In my first formal training position, I had the good fortune of working for a boss who had a strong presence, knew how to navigate organizational politics, and could teach me a thing or two about learning and development.
I was only in that position for six or seven months, then both my boss and I left the company – he left for grad school in Australia and I left to move across country. We still keep in touch, and I’m glad we have. I still value his insights.
I feel lucky that I stumbled into such a situation. What about people who have never had an opportunity to engage with someone who could turn into a mentor? My colleague, Tim Waxenfelter, recently had some thoughts about the importance of finding a mentor and is sharing them in today’s Train Like A Champion post:
I’ve always wanted a mentor. I’ve never had one. I’ve always been jealous of friends and colleagues who could point to one or more mentors. I could never quite explain how they were able to end up with mentors while I didn’t.
I recently stumbled on the answer. I have looked at the guitar that sits on the other side of my office and wondered when I’m going to start practicing again. I’ve owned the guitar for over two decades. I can play a bunch of chords and some other random things like scales and arpeggios. Yet I can’t accompany my 9 year old when he plays a song on the violin.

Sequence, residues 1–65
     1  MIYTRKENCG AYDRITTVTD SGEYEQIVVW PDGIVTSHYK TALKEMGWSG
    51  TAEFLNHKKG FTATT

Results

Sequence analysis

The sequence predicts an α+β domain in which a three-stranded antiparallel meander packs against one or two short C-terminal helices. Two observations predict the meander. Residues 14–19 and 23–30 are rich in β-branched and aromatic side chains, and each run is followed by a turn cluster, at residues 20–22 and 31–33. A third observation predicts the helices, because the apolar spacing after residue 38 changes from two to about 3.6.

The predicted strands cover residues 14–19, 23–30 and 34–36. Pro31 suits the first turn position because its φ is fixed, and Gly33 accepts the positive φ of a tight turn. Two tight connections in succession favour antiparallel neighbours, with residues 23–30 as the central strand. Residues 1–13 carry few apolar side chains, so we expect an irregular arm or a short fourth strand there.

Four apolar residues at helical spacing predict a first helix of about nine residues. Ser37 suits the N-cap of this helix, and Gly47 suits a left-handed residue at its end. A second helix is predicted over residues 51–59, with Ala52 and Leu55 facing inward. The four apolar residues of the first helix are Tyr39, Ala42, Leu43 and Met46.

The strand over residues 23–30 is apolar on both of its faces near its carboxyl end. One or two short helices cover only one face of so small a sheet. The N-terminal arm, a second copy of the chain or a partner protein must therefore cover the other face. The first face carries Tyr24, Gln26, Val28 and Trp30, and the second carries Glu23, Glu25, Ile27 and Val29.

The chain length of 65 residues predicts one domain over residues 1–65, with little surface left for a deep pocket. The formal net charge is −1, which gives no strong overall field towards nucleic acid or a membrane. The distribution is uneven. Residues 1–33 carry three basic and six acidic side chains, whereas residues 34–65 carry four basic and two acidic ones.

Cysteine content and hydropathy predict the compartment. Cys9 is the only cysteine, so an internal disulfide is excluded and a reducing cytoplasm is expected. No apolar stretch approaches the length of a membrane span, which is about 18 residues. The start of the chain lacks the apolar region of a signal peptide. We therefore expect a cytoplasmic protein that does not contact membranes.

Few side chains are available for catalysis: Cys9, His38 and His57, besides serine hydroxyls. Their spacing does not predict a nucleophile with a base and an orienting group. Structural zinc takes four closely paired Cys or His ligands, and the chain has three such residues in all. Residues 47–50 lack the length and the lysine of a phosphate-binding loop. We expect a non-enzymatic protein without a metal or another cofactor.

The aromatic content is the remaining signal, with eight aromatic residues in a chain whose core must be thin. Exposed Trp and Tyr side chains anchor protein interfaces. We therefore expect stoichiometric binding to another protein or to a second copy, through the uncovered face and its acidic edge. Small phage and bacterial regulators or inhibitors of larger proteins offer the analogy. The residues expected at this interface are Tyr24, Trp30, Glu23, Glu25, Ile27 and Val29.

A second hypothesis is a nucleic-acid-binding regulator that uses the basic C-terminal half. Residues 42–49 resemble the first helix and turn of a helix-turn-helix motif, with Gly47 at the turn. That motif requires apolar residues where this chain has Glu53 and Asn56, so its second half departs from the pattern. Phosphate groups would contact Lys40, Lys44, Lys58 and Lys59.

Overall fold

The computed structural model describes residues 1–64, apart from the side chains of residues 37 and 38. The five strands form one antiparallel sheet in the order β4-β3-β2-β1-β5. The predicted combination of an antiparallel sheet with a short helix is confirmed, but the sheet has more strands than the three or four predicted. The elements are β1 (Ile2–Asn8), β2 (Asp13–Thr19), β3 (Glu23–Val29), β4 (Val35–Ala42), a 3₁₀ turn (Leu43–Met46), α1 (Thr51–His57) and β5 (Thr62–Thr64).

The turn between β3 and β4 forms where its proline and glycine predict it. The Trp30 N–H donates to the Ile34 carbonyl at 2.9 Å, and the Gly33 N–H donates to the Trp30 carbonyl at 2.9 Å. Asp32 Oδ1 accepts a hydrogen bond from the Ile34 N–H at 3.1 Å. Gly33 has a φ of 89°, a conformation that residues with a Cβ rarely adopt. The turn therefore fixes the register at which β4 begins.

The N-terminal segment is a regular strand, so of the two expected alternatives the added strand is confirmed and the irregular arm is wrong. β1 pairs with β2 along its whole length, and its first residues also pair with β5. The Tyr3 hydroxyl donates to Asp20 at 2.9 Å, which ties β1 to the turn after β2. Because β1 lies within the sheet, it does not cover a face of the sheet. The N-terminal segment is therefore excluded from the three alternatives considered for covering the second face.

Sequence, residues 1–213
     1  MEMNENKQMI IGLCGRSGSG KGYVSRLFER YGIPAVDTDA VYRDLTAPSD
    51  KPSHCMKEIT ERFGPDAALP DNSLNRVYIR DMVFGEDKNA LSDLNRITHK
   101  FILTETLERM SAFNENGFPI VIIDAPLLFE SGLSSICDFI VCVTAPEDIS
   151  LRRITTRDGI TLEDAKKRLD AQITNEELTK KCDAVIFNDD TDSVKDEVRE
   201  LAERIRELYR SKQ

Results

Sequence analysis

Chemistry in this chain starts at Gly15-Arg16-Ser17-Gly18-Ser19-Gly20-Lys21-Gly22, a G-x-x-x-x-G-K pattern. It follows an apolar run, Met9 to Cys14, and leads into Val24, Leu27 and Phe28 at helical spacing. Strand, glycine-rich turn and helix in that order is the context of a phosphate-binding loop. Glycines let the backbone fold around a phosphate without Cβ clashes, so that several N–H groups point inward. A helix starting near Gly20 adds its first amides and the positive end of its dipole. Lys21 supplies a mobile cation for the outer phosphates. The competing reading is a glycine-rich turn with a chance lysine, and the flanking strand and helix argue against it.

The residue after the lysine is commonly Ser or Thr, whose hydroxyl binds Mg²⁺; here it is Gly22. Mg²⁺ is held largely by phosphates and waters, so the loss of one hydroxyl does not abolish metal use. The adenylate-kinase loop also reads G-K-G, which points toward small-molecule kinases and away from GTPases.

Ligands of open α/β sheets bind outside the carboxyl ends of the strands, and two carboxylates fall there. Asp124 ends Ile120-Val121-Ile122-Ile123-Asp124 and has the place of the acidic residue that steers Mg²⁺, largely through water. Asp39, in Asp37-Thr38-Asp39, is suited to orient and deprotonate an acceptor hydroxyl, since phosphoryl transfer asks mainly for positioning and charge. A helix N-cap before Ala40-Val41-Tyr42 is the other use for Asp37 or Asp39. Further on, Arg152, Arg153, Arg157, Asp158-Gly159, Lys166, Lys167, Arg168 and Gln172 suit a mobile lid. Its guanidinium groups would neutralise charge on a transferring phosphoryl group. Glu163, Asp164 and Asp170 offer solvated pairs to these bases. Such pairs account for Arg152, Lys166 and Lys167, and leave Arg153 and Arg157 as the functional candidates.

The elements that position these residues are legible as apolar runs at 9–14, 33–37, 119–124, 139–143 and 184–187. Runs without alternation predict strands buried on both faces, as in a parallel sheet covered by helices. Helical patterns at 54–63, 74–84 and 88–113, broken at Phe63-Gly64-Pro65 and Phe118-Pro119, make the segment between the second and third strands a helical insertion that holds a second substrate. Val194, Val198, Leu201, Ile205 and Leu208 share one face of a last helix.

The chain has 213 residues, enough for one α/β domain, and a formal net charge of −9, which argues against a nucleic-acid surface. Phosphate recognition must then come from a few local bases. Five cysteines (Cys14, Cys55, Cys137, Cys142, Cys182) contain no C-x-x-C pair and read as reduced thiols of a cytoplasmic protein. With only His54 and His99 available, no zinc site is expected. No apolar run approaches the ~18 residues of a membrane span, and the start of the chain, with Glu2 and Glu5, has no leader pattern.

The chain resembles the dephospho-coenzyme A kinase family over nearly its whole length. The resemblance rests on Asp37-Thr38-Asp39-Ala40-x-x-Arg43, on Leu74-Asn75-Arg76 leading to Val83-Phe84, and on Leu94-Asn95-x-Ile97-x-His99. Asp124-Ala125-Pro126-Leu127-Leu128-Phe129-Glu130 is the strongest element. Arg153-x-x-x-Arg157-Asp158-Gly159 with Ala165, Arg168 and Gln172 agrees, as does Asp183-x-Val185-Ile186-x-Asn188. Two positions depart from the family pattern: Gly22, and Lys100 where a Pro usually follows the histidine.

Even in recent years I’ve been able to teach myself new skills such as computer coding. For some reason, however, when I wanted to learn guitar I was telling myself that I couldn’t see a path forward. I couldn’t discern a strategy for learning guitar.
I called a friend who is a self-taught professional musician hoping that he could recommend a good teacher. I figured that if I had to go to a class, I would try to avoid embarrassment and practice. It didn’t really work for a one-credit guitar class in college, but I could try, right?
After an hour on the phone with my friend I had a new plan. I would work on one song per month and send my friend a recording of me playing that song. He promised to give me feedback and to offer ideas for how to move forward. In a one-hour phone call he had helped me find direction. He had also become a mentor.
So that’s how it works! The key for me was that I needed to be motivated to learn and do and I needed to be in desperate need of help at the same time. In my professional life I’ll have to find a way to ask for help from a potential mentor without the desperation… or at least without sounding desperate. Now that I’ve found a mentor once, why not again?
Do you have a mentor that helps bring your L&D efforts to the next level? What tips would you offer to someone else in search of mentorship?